'How is it with your soul,' seniors asked
BY LINDA WORTHINGTON
Nearly 100 senior citizens, mostly women, gathered at West River Conference Center for an Older Adults Day Away Oct. 9. It was a crisp, off again-on again sunshiny day, a perfect time to enjoy the fellowship, worship, learning, food and boat rides. The day focused on the theme, “Well-being of our Souls: Is it Well with your Soul?”
The Rev. Constance Smith, pastor of Hughes Memorial UMC in Washington, led the Bible study that began the day. Distinguishing between body, soul and spirit, Smith said soul is what God cares for … and Spirit is where hope and faith reside. “Soul,” Smith said “is also where sin dwells.”
In her impassioned preaching, Smith asked, “Has your soul connected to God (not to the church, but to God)? You have to ask God to come in so your soul will not die.”
In a handout, she offered a dozen “best practices” for the well-being of the soul. One of these is to make growth in understanding God’s Word a top priority in your life.
“You don’t have to sit down just because you’re not in charge any more. … Life happens. If you’re well with Christ your soul can handle it,” she cautioned the audience, all retirement age or older.
Featured speaker, the Rev. James Ditto, a Baltimore Region Guide, emphasized the heart in his presentation. “Even with the best training in the techniques of being a good Christian, … if our hearts don’t resonate with God, it can diminish ourselves and hurt other people.”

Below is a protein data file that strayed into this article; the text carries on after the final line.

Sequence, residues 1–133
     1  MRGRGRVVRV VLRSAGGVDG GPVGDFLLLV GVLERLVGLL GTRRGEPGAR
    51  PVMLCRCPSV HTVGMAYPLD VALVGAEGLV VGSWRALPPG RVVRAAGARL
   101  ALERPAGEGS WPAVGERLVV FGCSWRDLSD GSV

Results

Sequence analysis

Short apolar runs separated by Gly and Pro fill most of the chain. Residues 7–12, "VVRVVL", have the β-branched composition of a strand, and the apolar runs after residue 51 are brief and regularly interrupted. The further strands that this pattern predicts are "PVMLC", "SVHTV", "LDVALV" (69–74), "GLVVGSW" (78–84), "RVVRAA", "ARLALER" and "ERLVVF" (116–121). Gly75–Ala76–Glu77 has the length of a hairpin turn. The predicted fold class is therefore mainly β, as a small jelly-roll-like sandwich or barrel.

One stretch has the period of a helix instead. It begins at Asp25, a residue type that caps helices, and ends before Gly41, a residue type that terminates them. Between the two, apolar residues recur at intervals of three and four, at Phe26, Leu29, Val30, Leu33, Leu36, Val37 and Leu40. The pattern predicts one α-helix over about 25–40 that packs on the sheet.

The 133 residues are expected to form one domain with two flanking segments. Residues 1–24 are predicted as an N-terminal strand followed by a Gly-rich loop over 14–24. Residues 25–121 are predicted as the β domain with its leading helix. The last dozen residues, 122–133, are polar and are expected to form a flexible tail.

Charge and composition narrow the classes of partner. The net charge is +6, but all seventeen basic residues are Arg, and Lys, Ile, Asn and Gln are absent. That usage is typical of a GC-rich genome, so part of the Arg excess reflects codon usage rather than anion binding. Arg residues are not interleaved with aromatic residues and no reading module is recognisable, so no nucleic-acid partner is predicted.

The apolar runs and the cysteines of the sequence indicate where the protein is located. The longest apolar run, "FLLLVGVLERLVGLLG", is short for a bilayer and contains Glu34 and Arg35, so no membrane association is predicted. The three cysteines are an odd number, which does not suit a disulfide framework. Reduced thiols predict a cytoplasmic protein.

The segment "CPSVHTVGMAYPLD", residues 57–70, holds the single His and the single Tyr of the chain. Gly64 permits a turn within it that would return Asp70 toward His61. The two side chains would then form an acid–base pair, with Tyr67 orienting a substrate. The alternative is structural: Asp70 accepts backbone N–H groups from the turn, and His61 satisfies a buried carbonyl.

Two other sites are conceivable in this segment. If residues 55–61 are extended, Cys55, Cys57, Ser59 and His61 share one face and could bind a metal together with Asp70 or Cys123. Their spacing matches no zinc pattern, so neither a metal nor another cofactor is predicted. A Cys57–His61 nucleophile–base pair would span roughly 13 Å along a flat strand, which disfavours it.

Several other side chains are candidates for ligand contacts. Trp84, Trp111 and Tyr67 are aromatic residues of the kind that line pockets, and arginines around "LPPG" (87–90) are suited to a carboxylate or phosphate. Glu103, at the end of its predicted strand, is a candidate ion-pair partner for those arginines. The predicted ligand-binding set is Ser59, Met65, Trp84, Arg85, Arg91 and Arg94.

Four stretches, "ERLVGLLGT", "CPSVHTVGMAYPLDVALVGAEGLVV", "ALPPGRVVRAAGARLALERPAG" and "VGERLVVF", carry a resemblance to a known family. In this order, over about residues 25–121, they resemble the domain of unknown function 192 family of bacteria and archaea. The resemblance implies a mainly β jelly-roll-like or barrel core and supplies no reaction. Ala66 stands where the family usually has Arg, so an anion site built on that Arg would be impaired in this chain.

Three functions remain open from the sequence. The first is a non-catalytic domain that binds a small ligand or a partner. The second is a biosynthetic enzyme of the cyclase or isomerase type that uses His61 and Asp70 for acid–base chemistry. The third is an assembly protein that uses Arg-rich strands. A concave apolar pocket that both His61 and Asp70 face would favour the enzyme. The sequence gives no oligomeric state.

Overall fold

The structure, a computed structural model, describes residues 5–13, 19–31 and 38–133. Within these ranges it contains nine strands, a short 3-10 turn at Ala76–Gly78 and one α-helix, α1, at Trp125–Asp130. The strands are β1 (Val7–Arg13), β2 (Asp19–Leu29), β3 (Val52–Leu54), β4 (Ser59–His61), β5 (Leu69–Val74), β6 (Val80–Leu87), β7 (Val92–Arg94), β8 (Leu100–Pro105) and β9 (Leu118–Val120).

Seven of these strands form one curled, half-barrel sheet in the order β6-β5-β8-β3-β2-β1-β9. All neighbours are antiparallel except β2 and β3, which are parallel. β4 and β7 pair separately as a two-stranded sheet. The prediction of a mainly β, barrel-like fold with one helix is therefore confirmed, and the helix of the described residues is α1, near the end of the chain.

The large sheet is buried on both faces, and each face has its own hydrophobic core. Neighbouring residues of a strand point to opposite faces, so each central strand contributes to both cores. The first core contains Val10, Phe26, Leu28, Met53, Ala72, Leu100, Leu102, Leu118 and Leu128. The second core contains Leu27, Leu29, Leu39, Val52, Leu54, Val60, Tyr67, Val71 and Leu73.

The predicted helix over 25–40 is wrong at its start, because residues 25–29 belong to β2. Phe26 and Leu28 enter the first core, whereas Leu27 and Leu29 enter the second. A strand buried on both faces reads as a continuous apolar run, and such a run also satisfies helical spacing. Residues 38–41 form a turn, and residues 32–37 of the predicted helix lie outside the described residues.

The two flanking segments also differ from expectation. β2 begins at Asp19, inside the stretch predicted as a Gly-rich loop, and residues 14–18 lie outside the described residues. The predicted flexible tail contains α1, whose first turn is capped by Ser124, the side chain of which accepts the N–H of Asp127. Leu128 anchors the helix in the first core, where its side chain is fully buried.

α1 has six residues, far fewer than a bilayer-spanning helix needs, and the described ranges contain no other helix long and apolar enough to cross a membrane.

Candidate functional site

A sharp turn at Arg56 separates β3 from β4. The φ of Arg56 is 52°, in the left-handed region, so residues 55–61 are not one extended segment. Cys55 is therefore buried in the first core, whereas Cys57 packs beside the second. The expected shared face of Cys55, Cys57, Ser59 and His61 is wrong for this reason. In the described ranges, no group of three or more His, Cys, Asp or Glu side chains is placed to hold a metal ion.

If we become dis-heartened, sometimes it shows up in our families, in our churches, he said. If your heart does not maintain a relationship with God, you’re going to want your way all the time. When our hearts are not healthy, we distort, delay, and damage others, Ditto said, quoting from a book by Henri Nouwen.
He reminded the audience that at Gethsemane, Jesus with a healthy heart said to God, “Not my way but yours.”
There’s a danger of becoming “dis-heartened,” the worst heart disease, he said. “We lose hope, passion and energy and it will lead you down the road of depression and anger. “You owe it to everyone you love to take care of yourself – body, mind, spirit and relationally.”
Ditto ended his presentation by suggesting a “to-do” to achieve or maintain a healthy heart. “Try one week of spiritual exercise – every day – and share that with a spiritual friend to say how it went. If it didn’t work, try another until you and God are on the same frequency. That will make a happy heart.”
He added some other suggestions. Among them: start church meetings differently, so the meeting won’t just be our work, but God’s work. Start a small group to make your hearts healthier and connect with God and bring a retreat group to West River or Manidokan and get away for a day or so.
Following lunch, the attendees selected from a variety of activities. One was a boat ride onto the Chesapeake Bay with the Bay Bridge in view in the distance. Another was to learn about the social justice issues facing Haitians and six short-term mission trips led by the Rev. David Graves from St. Paul’s UMC in Lusby. Many also spent time with Andy Thornton, the conference director of camping and retreat ministries, to talk about (and sing) hymns.
Six participants, clergy and laity, discussed several hymns and the stories behind them at the closing worship. Smith led the closing Communion service. “Meditate on Christ, the solid rock, who is the lover of our soul,” she said as each communicant chose a stone from a basket.